In Grove Gilbert’s 1890 report on the geology of Lake Bonneville, he concluded with respect to the valleys and canyons surrounding the lake, including Salt Lake Valley and City Creek, that “In the virgin condition most lowland valleys and all upland valleys were covered by grass and other herbaceous vegetation” (Gilbert, Cottam 1947 at 12). This pre-Euro-American state of grasslands was confirmed by subsequent range experiments. In 1932, Pickford of the Intermountain Forest and Range Experiment Station located 26 one to two acre plots on northern valley floors that were grazed or burned and compared them to 7 plots that were ungrazed, unburned plots that were taken as representative of virgin grassland (Pickford). He found that 26 percent of the area of virgin plots were covered in perennial grasses with little or no sagebrush or greasewood. Perennial grasses covered 1 percent of burned and grazed plots. In his Fig. 1, he displays a photograph of one of the virgin areas and this is the best representative image of what the Salt Lake Valley bottom looked like on the arrival of the Euro-American colonists. In 1945, University of Utah biologist Cottam located and compared parcels of land Red Butte that had been protected from grazing and compared them to Emigration Canyon that have been extensively overgrazed (Cottam, 1945). He found the density of grasses and shrubs in Red Butte to be twice that of Emigration.

Some hint of how densely the mouths of canyons were covered in thickets of trees can be seen in an early 1900s photograph of the Shipley photograph collection at the University of Utah Marriott Library digital archives. One photograph shows the early road constructed by Young and improved in the late 1890s by City prison labor. The narrow track bisects an impenetrable wall of green (J. Willard Marriott, Id. 459448). City Creek remained a refuge for trees and plants. A 1903 Salt Lake Mining Review article about the Burro Mine on Black Mountain notes that Black Mountain was much more heavily timbered than we see today. In 1918, City Water Commission C. Clarence Nelsen, in recalling his boyhood days in the City Creek, noted that “City Creek canyon and other watersheds of the city were well timbered” (Salt Lake Tribune, January 9th, 1918). Nelsen’s report of his boyhood described the state of the canyon in the 1870s, after it had been logged for almost twenty years.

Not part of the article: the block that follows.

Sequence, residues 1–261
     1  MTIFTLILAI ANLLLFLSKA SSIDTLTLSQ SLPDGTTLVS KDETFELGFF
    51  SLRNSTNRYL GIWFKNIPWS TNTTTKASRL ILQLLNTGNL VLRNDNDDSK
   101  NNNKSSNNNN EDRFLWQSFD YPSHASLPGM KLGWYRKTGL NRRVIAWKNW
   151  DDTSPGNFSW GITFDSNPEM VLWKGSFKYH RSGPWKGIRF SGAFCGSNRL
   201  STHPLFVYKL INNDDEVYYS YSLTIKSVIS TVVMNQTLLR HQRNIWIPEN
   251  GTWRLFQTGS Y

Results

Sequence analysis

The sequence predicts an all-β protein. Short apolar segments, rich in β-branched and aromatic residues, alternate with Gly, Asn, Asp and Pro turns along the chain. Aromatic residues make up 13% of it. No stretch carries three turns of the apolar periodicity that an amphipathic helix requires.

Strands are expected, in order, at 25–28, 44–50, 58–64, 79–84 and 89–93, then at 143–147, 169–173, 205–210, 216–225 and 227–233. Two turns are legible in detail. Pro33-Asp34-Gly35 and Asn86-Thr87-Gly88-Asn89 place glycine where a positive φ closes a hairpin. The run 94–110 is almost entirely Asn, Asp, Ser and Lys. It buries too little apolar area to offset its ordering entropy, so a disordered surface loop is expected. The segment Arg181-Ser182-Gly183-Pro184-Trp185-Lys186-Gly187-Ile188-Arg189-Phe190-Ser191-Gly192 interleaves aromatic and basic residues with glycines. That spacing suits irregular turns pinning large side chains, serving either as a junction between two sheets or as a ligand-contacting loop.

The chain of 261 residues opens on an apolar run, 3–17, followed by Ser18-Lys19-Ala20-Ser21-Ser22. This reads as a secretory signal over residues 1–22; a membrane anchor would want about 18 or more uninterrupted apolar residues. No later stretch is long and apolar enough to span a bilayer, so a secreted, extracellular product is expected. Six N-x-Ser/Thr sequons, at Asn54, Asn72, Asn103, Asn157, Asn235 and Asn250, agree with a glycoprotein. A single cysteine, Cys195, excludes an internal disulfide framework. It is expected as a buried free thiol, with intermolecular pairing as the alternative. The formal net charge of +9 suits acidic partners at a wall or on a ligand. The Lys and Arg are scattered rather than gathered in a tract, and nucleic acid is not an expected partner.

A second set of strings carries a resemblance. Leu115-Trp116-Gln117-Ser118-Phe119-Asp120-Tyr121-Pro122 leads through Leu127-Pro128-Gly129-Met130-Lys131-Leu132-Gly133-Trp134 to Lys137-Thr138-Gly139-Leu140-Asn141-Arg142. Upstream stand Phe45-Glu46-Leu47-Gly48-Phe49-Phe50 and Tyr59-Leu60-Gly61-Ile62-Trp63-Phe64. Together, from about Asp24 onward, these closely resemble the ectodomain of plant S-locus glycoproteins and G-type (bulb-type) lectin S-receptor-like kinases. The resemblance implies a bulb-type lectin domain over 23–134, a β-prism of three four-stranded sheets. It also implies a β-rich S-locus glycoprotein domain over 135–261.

In Thoreau’s “Journal” on March 4th, 1852, he seeks shelter on the leeward side of a wood pile in order to enjoy the warm rays of the sun. He see lambkill shoots sticking above the snow. On March 4th, 1854, he sees shoots of pitcher plant and golden senecio. The ground is losing its snow cover. On March 4th, 1859, he admires a crow’s call.

March 3rd

Filed under: Buffalo, History, Light, Weather — canopus56 @ 2:48 am

It is enough. This is the Right [Natural] Place – Part I

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Daughters of Utah Pioneers. Lone Tree Monument near 500 East 300 South, Salt Lake City. In Harris, One-Hundred Years of Water Development, 1942 at p. 121. The tree has been cut-down and replaced with a stone monument.

1:00 p.m. Another day of bright sun and warm air. At Pleasant Valley, the strong sun reflects off of the remaining newly fallen snow with such brilliance that it hurts the eyes, and the sun leaves a subtle color change on the surface. Most of the snow is cream white, but where the land forms large depressions, the reflected light is a light-dark gray. I believe these gray patches are where the upper most snow layer is transitioning to water before my eyes, and melting changes the snow’s reflectance properties. At picnic site 2, the road goes makes a steep bend and here, the stream falls off into a pool at the bottom of a four or five foot rock face. Hiding in the pool is a large brown trout that runs behind a rock when I crest the stream’s bank. The drop-off may be too high for trout to pass upstream, and thus, this divides the canyon’s trout populations into two branches. 7:00 p.m. Dark clouds move in from the west and contrast to an otherwise clear night sky as I go for short walk to milepost 0.5. This heralds the end of the current warming trend. A four day old Moon hangs high in the sky and it’s light casts a shadow of my profile on the road in front of my path.